The Boat Story: What to expect from BBC One's dark comedy set and filmed in Yorkshire
It began like any other morning. Samuel and Janet are both walking dogs on a bleak, windswept beach in Yorkshire. The sky is overcast, the wind biting. They exchange some routine pleasantries. But when Samuel’s white Pomeranian runs over, barking, with a beard soaked in blood, both their lives are irrevocably tipped upside down.
The strangers discover a fishing trawler washed up on the beach, and with it, two dead bodies and a haul of cocaine. Their spur-of-the-moment decision to snatch the illicit cargo entangles them in a web of deceit, mafia retribution and murder. One they may not escape alive.
BBC One’s six-part darkly comic thriller, The Boat Story, treads the tightrope between violence and humour, relatability and absurdity, against the spectacular backdrop of the beautiful, windswept Yorkshire coastline.
It is the directorial debut of brothers, screenwriters and producers Harry and Jack Williams, the duo behind The Missing and its spin-off Baptiste. The Williams brothers have called it a “primal story”. It continually circles back to the dilemma at its core: Do you take the cocaine or leave it? Where does that decision sit on the morality scale? And what factors tip the balance?
Paterson Joseph and Daisy Haggard take the lead as Samuel and Janet, respectively. The lineup also includes The Thick of It’s Joanna Scanlan, Baptiste’s Tcheky Karyo – as sinister mafia boss, The Tailor – and Rise of the Footsoldier’s Craig Fairbrass. Most of the cast have worked with the Williams brothers before. All are glowing about their abilities.
“So many episodes just took me completely by surprise,” says Joseph, 59, known for Peep Show and Noughts + Crosses. “It’s really exciting to open a script and feel like even I don’t understand what’s about to happen. There’s also just surprises that are designed to [mess] you up. So their scripts are really just marvellous – to work on something that feels like you’re being surprised by yourself.”
For Scanlon, it is that they never stop working on the story – it is “constantly changing, in flux, from their point of view, during the shoot and in the edit as well”.
“Their laser focus on creating as many twists and turns for an audience is quite unusual,” the 62-year-old continues. “I’ve never worked with writers who are so prepared to be creative, really, genuinely, massively creative during the shoot. So I think they’re very brave and they take their own line and they give us actors a lot of fun because we have to be on our toes. They see in us things we don’t see in ourselves.”
“Reading the scripts was really exciting because you couldn’t predict it,” adds Haggard, 45, best known for Breeders and Back To Life. “It was so original and exciting and fresh and thrilling. But it always felt right. It’s just so great because you’ve always got something to play with because there’s such drive and desperation that in every scene you’ve got this big thing driving you which is just pure terror and fear.”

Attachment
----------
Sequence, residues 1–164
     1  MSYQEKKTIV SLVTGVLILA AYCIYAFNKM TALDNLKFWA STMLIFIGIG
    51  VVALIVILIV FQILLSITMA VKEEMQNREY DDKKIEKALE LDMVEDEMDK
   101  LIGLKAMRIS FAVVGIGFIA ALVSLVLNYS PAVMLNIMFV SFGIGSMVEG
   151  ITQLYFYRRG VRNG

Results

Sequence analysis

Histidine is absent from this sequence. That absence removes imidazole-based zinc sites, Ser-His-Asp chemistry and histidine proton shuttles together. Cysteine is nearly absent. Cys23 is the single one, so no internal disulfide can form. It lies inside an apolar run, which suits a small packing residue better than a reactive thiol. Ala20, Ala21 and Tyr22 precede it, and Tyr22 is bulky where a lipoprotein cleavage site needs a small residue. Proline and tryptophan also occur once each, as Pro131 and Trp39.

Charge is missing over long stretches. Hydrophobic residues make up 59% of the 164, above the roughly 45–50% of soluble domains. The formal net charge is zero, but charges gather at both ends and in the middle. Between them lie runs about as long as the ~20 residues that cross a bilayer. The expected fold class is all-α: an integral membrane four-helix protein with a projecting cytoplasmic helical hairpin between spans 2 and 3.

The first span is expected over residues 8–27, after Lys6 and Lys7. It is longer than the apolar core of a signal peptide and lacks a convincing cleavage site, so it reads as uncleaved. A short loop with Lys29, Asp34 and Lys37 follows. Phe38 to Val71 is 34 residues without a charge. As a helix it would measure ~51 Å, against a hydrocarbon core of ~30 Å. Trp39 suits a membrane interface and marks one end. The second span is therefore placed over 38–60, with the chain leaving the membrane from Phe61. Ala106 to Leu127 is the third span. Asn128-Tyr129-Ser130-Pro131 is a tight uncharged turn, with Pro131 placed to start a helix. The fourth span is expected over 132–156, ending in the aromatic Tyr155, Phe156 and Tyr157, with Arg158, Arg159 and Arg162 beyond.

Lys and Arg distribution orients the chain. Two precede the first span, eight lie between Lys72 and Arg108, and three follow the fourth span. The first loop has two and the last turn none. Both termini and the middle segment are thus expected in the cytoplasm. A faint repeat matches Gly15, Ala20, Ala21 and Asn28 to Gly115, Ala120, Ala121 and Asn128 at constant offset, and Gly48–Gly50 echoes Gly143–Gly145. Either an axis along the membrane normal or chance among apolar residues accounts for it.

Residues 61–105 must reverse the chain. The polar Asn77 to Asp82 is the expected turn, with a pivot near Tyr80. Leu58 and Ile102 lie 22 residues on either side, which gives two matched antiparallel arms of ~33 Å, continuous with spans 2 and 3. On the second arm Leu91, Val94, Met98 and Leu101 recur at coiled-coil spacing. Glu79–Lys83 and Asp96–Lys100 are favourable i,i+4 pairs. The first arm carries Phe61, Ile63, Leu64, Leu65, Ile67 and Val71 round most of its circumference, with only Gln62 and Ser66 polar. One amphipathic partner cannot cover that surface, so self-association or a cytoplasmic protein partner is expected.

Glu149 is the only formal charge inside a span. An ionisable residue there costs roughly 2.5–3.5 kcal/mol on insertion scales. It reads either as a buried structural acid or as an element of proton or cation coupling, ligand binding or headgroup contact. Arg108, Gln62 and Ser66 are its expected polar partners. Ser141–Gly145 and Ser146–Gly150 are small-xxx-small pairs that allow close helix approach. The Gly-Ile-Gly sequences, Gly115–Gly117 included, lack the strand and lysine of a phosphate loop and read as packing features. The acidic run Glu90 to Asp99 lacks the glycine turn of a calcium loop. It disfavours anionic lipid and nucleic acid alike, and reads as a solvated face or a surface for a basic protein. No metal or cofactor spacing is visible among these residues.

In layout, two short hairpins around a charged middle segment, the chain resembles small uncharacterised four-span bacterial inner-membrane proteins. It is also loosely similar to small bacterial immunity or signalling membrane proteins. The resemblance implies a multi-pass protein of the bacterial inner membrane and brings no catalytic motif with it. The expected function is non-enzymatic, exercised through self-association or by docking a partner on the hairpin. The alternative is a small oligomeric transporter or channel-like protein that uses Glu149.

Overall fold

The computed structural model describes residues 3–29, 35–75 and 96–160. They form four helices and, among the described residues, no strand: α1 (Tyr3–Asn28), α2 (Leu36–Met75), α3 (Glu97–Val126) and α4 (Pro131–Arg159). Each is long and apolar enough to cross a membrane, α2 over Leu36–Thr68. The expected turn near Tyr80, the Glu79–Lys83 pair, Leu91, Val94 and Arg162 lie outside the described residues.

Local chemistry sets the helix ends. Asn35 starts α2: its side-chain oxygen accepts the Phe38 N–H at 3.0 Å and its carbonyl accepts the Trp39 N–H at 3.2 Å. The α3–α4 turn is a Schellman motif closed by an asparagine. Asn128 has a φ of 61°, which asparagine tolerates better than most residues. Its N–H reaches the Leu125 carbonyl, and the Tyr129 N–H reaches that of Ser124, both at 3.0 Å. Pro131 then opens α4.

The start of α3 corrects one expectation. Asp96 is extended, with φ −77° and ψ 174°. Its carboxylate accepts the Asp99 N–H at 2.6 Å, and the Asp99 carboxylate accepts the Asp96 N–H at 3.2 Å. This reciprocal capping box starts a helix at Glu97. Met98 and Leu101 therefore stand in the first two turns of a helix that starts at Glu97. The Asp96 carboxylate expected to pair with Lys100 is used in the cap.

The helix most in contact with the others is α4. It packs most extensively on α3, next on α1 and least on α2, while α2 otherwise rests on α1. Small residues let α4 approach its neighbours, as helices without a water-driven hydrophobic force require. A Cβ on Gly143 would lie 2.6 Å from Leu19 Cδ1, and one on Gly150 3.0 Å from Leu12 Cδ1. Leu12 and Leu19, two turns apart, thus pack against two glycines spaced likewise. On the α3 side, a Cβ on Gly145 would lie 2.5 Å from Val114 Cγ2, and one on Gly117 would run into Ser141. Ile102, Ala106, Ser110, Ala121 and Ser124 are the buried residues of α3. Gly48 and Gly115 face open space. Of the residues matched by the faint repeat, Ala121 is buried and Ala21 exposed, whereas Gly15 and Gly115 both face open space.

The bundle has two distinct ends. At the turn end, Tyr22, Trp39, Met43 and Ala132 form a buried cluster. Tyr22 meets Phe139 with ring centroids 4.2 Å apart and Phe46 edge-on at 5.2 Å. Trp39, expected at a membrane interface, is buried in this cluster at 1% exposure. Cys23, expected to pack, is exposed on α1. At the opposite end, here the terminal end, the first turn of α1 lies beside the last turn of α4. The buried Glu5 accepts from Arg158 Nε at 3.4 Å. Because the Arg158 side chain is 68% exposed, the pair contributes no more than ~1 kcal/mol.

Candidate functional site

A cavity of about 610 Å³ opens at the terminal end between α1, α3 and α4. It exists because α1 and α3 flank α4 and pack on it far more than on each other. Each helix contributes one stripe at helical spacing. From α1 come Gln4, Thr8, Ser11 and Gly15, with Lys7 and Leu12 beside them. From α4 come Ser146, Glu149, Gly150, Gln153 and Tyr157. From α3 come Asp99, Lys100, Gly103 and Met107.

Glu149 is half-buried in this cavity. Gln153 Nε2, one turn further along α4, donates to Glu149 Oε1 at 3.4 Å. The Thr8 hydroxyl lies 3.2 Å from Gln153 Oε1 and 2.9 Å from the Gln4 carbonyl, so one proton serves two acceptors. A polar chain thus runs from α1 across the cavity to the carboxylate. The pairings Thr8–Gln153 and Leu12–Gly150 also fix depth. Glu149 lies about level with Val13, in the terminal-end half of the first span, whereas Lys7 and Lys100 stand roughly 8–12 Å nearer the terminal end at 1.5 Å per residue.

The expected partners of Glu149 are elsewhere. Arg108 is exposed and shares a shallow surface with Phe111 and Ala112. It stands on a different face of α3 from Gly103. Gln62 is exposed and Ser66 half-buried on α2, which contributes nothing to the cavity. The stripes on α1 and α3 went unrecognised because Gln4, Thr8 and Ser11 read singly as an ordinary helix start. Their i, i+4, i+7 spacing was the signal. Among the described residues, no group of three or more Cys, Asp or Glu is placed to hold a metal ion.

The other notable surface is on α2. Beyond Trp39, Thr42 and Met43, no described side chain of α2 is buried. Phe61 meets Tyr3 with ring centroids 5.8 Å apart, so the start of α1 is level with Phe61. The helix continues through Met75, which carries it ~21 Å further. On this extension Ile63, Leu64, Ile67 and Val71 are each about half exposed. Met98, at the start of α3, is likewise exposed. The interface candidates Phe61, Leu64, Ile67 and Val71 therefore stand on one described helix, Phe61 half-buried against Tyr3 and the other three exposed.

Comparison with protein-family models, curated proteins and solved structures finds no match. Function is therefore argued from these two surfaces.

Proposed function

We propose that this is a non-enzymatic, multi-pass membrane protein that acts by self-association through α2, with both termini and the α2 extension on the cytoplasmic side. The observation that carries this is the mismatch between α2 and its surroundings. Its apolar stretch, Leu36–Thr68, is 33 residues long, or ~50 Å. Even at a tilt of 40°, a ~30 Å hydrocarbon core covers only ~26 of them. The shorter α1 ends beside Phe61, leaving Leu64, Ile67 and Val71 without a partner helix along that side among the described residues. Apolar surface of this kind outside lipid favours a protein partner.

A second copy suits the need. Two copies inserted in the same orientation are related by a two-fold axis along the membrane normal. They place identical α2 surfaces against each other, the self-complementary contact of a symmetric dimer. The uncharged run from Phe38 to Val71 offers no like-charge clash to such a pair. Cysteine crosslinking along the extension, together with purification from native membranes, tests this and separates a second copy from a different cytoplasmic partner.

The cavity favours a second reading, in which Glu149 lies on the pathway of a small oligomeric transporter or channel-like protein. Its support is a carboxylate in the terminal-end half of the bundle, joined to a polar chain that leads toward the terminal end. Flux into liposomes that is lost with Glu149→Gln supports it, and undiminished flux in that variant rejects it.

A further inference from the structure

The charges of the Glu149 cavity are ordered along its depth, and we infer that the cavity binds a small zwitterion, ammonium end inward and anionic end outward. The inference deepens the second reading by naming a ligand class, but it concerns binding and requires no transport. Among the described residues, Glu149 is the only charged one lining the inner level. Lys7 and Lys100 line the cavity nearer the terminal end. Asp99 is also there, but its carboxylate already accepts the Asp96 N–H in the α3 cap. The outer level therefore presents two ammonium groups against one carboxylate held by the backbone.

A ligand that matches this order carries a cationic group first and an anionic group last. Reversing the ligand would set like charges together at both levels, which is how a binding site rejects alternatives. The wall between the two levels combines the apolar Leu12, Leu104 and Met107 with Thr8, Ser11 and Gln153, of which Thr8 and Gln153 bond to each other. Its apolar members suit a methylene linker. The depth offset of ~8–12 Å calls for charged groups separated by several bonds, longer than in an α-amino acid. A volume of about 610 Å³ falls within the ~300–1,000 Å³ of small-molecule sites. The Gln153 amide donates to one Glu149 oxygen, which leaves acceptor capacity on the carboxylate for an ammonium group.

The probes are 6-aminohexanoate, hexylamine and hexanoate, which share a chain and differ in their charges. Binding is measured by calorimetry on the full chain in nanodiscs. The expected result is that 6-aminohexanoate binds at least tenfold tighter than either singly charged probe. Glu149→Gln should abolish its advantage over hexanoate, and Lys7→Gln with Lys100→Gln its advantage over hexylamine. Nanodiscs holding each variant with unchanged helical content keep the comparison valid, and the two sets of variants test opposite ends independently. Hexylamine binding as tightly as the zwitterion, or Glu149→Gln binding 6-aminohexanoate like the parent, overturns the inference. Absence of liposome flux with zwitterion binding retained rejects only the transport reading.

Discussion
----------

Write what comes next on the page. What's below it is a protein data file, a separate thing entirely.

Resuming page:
Both Samuel and Janet are down-on-their-luck, troubled individuals in the show, which was partially filmed on Majuba Beach on the Yorkshire coast last November. There is a desperation that propels them both to cast their fate to the wind – but what that looks like for each of them is vastly different.
Janet has had a hard run of things by any measure. Her hand was crushed in a factory accident: the result of a negligent boss who immediately proceeds to ply her with whisky for pain relief only to rob her of a payout by claiming she was drunk on the job. Her ex has banished her from seeing her ‘son’ Alan (not a biological son but a boy she brought up). Haggard depicts her with a fragile yet witty, bravely optimistic persona. Janet’s broken but has an irrepressible capacity to turn her life’s failures into a joke.
Samuel harbours a secret gambling addiction: one that’s robbed him of his life savings and forced him to uproot his family to evade bailiffs. He is manic, wide-eyed, drowning in duplicity. “I’ve had a very vague experience with gambling,” shares Joseph, “only a moment when I was like 17 where I definitely made a decision not to do that. It’s in my family so I know what it’s like. But the thrill of it, that’s what’s exciting for gamblers – the absolute risk, the edge you’re taking yourself to before you plunge. And when it’s gone from your life you need something else.
“It was good to have that engine behind what Samuel did, the decisions he’s making. That’s not something that I would do. I look at all the consequences and go, it’s not worth it, however much money this might be. Whereas he’s got that gambler thing, going, ‘Yeah this could be it.’”
“Janet is somebody who is at such a low ebb at the beginning of the show, everything that could possibly have gone wrong in her life has gone wrong,” says Haggard. “But she is still one of those people who will make a joke or try and laugh, especially for Alan. It’s sort of a really sweet love story of a mother’s love and she does this wild thing and makes this crazy decision, but it’s for him. And who she is means there’s humour along the way because that’s how she sees the world.”
Every character grapples with demons. Each, to some extent, deals in shades of grey. No-one is quite what they seem. On the face of it, Scanlan’s character, local woman Pat, is an ordinary note in an otherwise extraordinary tale. A mother, and former paramedic who’s reinvented herself as a pasty maker with a little shop of her own.
“I thought that when we started,” Scanlan explains, “but actually things happened in the process which I sadly can’t reveal at this moment, that completely twisted that around. As an actress it was something very, very surprising for me. Extremely so. It wasn’t what I signed up to do.”
The Boat Story comes to BBC One on November 19.